There was a core of about 20 superheroes who had a significant number of adventures in the Silver Age. For DC, it was Superman, Batman and Robin, Wonder Woman, Flash, Green Lantern, Aquaman, Atom, Martian Manhunter, Green Arrow and Hawkman. Marvel had the Fantastic Four, Spiderman, Iron Man, Thor, X-Men, Hulk, The Avengers, Daredevil, the Sub-Mariner, Dr. Strange and Captain America.
But there were plenty of other superheroes who lasted only a few stories and then disappeared. Almost all comics publishers tried their hand at superhero comics at some point in the 1960s. During the height of Batmania, this was especially the case, as superhero comics seemed to fly off the stands while other genres tended to languish.
Harvey was probably feeling the pinch more than other publishers. As I have noted earlier, the baby bust in the late 1950s was reducing the pool of young comic readers by 1966. And the kids who were old enough to read Harvey's titles were all going straight to Batman. So they decided to fight back with a few superhero characters. Jigsaw debuted in his own magazine in Sepember 1966.
Colonel Gary Jason is an astronaut who experiences unexpected trouble while reentering the earth's atmosphere:
He gets sucked into the cone of debris, where his capsule is destroyed. Fortunately it's a probe from aliens on the moon, who put him back together. More or less:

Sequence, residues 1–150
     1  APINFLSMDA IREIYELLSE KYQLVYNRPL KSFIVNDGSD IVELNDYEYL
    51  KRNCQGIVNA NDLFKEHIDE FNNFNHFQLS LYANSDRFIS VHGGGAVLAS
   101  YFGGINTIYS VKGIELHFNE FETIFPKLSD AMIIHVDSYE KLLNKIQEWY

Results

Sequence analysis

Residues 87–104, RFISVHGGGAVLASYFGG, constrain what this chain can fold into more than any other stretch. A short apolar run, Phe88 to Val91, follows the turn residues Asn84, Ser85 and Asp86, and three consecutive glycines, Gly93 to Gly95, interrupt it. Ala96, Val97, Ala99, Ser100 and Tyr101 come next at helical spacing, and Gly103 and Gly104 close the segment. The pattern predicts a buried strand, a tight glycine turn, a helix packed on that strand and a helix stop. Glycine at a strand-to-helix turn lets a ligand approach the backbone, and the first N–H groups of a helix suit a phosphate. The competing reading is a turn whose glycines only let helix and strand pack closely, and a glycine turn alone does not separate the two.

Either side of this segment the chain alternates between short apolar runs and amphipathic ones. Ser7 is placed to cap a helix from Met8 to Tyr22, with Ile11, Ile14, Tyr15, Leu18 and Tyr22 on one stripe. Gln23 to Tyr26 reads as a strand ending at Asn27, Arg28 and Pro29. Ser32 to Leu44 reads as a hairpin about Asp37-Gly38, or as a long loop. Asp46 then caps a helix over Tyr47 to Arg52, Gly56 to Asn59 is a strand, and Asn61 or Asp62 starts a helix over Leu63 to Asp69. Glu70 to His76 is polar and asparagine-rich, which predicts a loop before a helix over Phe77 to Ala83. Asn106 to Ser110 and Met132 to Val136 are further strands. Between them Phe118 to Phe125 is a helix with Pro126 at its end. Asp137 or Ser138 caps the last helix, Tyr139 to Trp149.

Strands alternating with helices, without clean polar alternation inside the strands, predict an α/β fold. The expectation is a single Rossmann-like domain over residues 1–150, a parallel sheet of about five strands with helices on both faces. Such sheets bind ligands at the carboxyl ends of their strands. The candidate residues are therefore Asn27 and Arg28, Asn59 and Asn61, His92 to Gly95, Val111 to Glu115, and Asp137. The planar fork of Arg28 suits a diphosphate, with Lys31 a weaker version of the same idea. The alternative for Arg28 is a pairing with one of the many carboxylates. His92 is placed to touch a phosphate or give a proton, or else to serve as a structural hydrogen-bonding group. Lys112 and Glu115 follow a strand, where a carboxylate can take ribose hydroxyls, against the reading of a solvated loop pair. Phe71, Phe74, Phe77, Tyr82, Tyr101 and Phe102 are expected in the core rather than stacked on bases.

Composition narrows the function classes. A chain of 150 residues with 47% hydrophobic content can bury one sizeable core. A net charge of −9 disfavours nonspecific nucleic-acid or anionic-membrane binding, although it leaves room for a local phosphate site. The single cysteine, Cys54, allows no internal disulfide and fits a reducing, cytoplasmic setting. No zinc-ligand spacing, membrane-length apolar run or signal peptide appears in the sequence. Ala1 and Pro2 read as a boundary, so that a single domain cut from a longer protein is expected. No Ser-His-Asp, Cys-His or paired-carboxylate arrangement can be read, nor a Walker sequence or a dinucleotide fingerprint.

At first he's grateful just to be alive, but it's not long before Ben Grimm syndrome sets in:
Especially when he discovers he has freakish powers. Despite the interesting design, this turns out to be basic stretchability along the lines of Mr Fantastic. But his girlfriend and the US government react to him as if he was Freaky Freak McAlienFreak. He's so upset that when he visits his science fiction writer buddy, he forgets his own name:
And his alien friends, who look like robotic chickens:
The real villains turn out to be the Pulots, an alien race that looks remarkably like humans, at least in #1:
Although by #2 that's gone by the wayside:
Overall the series (which ended with that second issue) is pretty dull. The artwork is passable but not elevating. Jigsaw has nothing really unique to recommend him; I suppose he serves as a decent introduction to the superhero genre for the young readers that Harvey appealed to at the time.